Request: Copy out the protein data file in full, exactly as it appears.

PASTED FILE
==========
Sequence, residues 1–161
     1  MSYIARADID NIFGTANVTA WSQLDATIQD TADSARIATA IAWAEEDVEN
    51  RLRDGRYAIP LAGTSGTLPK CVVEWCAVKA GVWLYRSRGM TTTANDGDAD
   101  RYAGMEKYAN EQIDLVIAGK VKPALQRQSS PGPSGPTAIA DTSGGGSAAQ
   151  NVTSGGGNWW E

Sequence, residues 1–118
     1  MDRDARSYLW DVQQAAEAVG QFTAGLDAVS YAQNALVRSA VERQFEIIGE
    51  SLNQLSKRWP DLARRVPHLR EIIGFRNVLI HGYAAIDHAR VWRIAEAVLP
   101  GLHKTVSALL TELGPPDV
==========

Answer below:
Sequence, residues 1–161
     1  MSYIARADID NIFGTANVTA WSQLDATIQD TADSARIATA IAWAEEDVEN
    51  RLRDGRYAIP LAGTSGTLPK CVVEWCAVKA GVWLYRSRGM TTTANDGDAD
   101  RYAGMEKYAN EQIDLVIAGK VKPALQRQSS PGPSGPTAIA DTSGGGSAAQ
   151  NVTSGGGNWW E

Sequence, residues 1–118
     1  MDRDARSYLW DVQQAAEAVG QFTAGLDAVS YAQNALVRSA VERQFEIIGE
    51  SLNQLSKRWP DLARRVPHLR EIIGFRNVLI HGYAAIDHAR VWRIAEAVLP
   101  GLHKTVSALL TELGPPDV